Predictive relationships to assist fertiliser use decision-making in eucalypt plantations
Many hardwood plantations in southern Australia are ready for harvesting and subsequent replanting. However, while previous experience shows that applying appropriate amounts of fertiliser can prevent second rotation trees being less productive than first rotation trees, there is no reliable, cost-effective method to predict how a plantation will respond to fertiliser or when is the best time to apply it.
The aim of this study was to synthesise the results of such datasets to: (i) describe the magnitude and duration of growth response to fertiliser applied at establishment (age 0+1), mid-rotation (age 4-5) and both establishment and mid-rotation (age 0, 1 and 4) and (ii) to develop a robust method of identifying sites more likely to respond to establishment and/or mid-rotation fertiliser application.
Researchers determined that fertilising a plantation at planting increases the plantation’s final volume (at year 10) by 5.6%, whereas fertilising the plantation mid-rotation increases volume by up to 20.8% at responsive sites. Those plantations that were fertilised at planting and at mid-rotation showed a 10.6% increase in volume relative to control sites.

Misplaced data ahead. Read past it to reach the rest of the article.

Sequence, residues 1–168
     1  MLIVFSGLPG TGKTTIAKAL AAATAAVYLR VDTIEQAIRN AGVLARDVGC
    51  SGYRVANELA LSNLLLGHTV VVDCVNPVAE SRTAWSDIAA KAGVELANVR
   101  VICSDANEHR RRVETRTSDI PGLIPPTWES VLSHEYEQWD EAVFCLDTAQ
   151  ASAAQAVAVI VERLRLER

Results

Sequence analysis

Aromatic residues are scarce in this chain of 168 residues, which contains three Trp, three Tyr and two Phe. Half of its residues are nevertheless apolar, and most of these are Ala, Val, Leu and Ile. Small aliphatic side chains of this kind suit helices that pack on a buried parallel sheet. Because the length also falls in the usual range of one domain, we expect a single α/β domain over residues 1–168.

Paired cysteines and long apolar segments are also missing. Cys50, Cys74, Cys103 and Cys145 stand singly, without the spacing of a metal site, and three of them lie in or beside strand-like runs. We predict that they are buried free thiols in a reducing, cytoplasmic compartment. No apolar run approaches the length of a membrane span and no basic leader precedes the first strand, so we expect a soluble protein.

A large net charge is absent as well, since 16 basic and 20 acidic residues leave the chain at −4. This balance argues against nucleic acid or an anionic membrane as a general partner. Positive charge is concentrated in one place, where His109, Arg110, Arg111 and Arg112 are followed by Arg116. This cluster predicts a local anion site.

The research also compared predictive models with actual wood volumes from plantation test sites. Although the best models only predicted short-term growth response (i.e. one year after fertiliser application) with any level of accuracy, without better models being available, they do have significant value, particularly in identifying sites highly unlikely to respond to fertiliser. The researchers suggest plantation managers use the models as tools to rank sites according to predicted fertiliser response.